Atrocious and unacceptable
THIS is now common knowledge that the Awami League-led government has kept several hundred public servants out of duty for the past four years on the ground that they are supporters of the opposition Bangladesh Nationalist Party. The BNP also did the same when it was in power between 2001 and 2006. The practice has deprived the state of the efficiency of experienced officers for quite some years now. In the midst of such partisan malpractices in governance, we now have a more dangerous piece of information, which might have already stunned many thinking citizens.
The National Board of Revenue on Tuesday sacked a computer operator on the ground that her ‘family members are either members of or associated with the BNP.’ The news is stunning, indeed. The prime minister’s adviser on health ministry, Dr Modasser Ali, had once declared publicly that the incumbents would recruit in the government jobs only those who are supporters of the ruling party. The politically conscious and democratically oriented sections of the society sharply reacted to the statement. Many must have thought that the adverse public reaction to the incumbents’ decision to leave out those who hold political and philosophical views other than those of the Awami League in the process of recruitment for government jobs would change their recruitment policy.
But the news report in question shows that the government has not only stuck to Modasser Ali’s policy, it has also engaged the police force to find out the political affiliation, if there is any, of the candidates for government jobs; the news report, published by New Age on Friday, says the poor computer operator was sacked following a police report that her family members are ‘either members of or associated with’ the BNP. The NBR decision clearly suggests that to get a government job under the present regime, not only the candidate but also his/her family members will have to be active supporters of the ruling party. In other words, anyone believing in a political ideology other than that of the Awami League would not be considered eligible for a government job — no matter how competent or capable the candidate is for the job. This is atrocious and, therefore, unacceptable for any society that believes in political pluralism.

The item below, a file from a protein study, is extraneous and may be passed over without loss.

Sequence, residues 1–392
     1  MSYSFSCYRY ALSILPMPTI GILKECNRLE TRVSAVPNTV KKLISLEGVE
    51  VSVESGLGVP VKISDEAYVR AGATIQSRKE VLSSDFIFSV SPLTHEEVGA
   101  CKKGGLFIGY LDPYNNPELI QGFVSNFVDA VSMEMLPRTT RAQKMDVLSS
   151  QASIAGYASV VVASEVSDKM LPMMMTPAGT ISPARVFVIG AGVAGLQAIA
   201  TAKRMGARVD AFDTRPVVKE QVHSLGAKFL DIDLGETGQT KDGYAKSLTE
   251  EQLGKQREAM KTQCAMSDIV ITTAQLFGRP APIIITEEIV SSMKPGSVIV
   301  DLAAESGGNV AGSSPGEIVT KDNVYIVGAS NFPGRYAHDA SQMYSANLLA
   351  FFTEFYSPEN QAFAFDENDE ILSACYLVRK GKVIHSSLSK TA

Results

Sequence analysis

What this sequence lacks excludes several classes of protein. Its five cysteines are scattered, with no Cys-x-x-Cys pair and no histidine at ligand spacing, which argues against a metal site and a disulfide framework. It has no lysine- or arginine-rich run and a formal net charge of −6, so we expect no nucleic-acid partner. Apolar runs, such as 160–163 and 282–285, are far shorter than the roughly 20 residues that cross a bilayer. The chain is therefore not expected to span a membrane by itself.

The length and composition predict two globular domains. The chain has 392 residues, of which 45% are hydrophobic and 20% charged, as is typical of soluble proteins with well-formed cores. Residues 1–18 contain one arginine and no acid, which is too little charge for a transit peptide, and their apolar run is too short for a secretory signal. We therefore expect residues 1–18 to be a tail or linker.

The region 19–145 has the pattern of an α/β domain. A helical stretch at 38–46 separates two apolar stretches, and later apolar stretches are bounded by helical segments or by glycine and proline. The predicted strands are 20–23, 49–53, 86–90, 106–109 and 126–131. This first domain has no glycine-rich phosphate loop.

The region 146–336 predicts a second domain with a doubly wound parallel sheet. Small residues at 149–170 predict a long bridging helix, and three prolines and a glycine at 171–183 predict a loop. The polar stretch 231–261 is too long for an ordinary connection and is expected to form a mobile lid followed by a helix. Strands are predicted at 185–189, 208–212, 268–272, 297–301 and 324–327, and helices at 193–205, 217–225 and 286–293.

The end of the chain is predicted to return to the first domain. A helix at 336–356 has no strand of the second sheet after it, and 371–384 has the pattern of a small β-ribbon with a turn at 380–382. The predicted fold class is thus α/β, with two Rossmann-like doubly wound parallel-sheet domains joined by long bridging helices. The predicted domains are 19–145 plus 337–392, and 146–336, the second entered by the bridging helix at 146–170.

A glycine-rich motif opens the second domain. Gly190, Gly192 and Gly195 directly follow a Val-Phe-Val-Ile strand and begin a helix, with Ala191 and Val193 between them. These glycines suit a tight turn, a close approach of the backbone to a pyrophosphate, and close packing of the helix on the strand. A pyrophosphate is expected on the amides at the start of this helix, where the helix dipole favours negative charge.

The incident raises another important question: has the government followed the same principle in recruiting hundreds of officers and employees over the past four years? If it had done so, the government must have deprived the state of getting many competent candidates on the parochial partisan consideration, and thus has done a serious disservice to the country. Under this circumstance, it calls for the setting up of a non-partisan commission comprising members with unquestionable integrity and patriotism to review the recruitments taking place over the past four years. Predictably, the incumbents would not set up such a commission willingly, unless effective public pressure is mounted on the government. For the sake of democratic growth of the state, society must intervene in the process of the government’s principle of depriving the competent candidates of government jobs on parochial partisan ground.
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